Here I’ve got my 1869 Nickel-Plated Schofield (pronounced sko-feeld, and don’t let anyone tell you different), the favorite of my friend Wyatt Earp, when he was Marshall in Dodge City a while back. A Boxed Set comes with a replica Dodge City Marshall’s badge, a reproduction of a famous Daguerrotype of Earp, and a wood engraving of an Old West shootout in the lid of the handsome hand-made wooden frame-box. Cost? You’ll spend around $157 for this important piece of Old West History. It fits rather well in the single-rig holster above.
My personal favorite over the fast-draw 4.75″ barrel, this 1873 Cavalry Pistol has a black & gold finish with engraved style grip, which reminded me in those post-Civil War days of the weapon I’d carried for three and a half years. It runs about $88 when you can find one.
My Army Issue during the Civil War (which wasn’t really all that civil) was a Griswold & Gunnison piece out of Macon, Georgia; the model 1860 was common to both armies and was used by both Union and Confederate soldiers, these legendary cap & ball revolver replicas are — uncharacteristically of replicas of this type — full size and original weight.
Loading lever, hammer, trigger and cylinder action work just like the rare expensive originals. Manufactured with real hand-carved hardwood grips, the barrel is blued with simulated gold brass frame. Cost of the Army Revolver, pictured above, is $98.
Just a few years earlier, I was standing around on the Lexington Green, somewhere in the middle of the Boston Post Road on the way to Concord; 1775, if I remember rightly — it’s been a while, several incarnations, and that tends to muddle things up a bit, but that’s my best recollection.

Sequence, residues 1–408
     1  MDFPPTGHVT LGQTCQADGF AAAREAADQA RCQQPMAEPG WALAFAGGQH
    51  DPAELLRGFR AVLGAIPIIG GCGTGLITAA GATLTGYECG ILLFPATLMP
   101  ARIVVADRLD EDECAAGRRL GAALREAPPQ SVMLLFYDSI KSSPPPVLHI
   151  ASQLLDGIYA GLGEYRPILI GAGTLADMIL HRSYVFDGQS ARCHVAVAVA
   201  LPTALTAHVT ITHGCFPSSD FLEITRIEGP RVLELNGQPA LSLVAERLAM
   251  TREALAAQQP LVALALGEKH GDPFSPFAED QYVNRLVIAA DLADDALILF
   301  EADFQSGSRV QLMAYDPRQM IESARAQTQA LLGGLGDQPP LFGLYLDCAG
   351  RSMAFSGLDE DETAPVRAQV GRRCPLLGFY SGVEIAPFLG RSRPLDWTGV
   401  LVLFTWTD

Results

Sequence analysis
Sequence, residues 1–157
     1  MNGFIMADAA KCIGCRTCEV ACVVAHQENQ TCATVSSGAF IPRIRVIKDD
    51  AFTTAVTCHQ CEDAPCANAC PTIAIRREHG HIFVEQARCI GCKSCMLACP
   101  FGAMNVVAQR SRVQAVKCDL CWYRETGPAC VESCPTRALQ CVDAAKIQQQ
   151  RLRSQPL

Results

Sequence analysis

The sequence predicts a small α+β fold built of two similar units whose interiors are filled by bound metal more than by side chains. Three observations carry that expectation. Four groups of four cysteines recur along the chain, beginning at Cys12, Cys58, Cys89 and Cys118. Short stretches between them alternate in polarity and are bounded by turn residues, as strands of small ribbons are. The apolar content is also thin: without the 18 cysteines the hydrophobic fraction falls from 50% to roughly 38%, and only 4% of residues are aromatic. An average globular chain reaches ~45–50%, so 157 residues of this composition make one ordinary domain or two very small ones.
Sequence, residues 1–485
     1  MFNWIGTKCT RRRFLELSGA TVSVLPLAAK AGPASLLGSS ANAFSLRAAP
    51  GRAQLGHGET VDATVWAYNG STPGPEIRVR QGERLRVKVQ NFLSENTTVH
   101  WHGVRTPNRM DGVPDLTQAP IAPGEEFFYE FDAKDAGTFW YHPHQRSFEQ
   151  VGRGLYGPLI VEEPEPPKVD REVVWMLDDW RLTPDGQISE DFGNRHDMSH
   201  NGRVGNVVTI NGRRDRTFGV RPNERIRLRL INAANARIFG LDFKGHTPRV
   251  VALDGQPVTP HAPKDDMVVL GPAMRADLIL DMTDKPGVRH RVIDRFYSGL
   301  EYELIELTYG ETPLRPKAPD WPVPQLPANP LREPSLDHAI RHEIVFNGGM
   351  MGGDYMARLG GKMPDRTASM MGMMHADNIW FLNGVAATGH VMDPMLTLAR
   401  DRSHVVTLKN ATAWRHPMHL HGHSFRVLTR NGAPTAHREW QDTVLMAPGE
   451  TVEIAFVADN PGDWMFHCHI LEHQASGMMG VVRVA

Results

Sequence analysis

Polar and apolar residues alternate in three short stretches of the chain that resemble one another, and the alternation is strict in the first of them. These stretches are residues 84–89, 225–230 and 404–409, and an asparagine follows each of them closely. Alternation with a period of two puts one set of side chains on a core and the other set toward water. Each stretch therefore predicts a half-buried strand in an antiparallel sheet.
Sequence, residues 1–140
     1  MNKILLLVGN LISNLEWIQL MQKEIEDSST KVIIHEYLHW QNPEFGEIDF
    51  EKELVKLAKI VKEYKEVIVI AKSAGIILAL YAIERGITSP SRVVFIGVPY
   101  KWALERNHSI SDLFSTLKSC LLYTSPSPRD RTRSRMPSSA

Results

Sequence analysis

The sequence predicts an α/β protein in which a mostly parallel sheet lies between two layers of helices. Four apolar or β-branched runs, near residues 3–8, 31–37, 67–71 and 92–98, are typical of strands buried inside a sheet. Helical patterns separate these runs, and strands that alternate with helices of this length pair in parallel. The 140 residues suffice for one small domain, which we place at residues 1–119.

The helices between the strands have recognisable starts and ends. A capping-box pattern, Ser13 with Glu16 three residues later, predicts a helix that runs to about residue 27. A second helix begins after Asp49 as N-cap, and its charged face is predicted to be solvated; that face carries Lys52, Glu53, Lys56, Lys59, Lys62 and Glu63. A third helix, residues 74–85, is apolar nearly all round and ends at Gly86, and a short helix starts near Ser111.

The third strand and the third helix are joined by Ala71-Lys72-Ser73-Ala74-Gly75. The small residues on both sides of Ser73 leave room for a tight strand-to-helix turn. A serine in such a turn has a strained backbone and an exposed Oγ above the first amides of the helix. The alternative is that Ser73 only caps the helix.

I was minding my own damn business, as I tell it — trying to get home a little early so I could get a head-start on dinner, when a shot rang out over by the square. Then a volley of musket shots rang out.
Then — pandemonium! The crowd started running — toward me. Never argue with a mob. I ran with them, away from the shooting. By the time the smoke cleared, we were long gone.
This replica 1760 Scottish Flintlock comes in a hand-made hardwood presentation box with the famous “Don’t Tread on Me!” Revolutionary War flag with a story card about the event. It also sports a brass plaque describing the famous weapon.
Arghhh, me hearties! Back in the day of Cap’n Morgana and her pirate crew, we carried these little beauties into battle! Made in Japan, this was the finest you could get at the time. A unique flintlock that features a simulated brass dragon-shaped bored hex barrel; the real rich hardwood stock is French Polished to feel like satin! A bargain at $59!!!
Like a double-barreled shotgun, this little handgun allowed two shots to be fired without reloading between them, for the first time — this was the origin of the revolver — a two-shooter instead of a six-shooter, see?
Faux Damascus barrels, embossed grips, butt plate, frame and stock, only $110.
This is what presents itself as you walk into the Reincarnation Awareness Program — laid out in historical order from left to right, these are the primary “six-shooters” of American Old West History and Legend. And you’re going to walk right into the past and remember who and what you were, the start of a “bigger footprint” than just one lifetime, and the start of something much bigger, the realization of Eternal Life through Reincarnation! The RA Program will be introduced fully at the Summer Solstice Festival, June 22-25, 2012.